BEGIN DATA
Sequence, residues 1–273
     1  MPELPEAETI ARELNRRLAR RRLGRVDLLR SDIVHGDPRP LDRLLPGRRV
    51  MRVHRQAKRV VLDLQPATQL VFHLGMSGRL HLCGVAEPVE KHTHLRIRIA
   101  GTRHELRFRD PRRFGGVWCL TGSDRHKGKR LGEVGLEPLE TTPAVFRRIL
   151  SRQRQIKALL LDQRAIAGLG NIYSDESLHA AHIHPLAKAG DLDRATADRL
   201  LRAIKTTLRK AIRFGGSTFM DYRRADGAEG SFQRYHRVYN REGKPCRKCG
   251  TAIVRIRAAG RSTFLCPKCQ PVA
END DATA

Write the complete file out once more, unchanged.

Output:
Sequence, residues 1–273
     1  MPELPEAETI ARELNRRLAR RRLGRVDLLR SDIVHGDPRP LDRLLPGRRV
    51  MRVHRQAKRV VLDLQPATQL VFHLGMSGRL HLCGVAEPVE KHTHLRIRIA
   101  GTRHELRFRD PRRFGGVWCL TGSDRHKGKR LGEVGLEPLE TTPAVFRRIL
   151  SRQRQIKALL LDQRAIAGLG NIYSDESLHA AHIHPLAKAG DLDRATADRL
   201  LRAIKTTLRK AIRFGGSTFM DYRRADGAEG SFQRYHRVYN REGKPCRKCG
   251  TAIVRIRAAG RSTFLCPKCQ PVA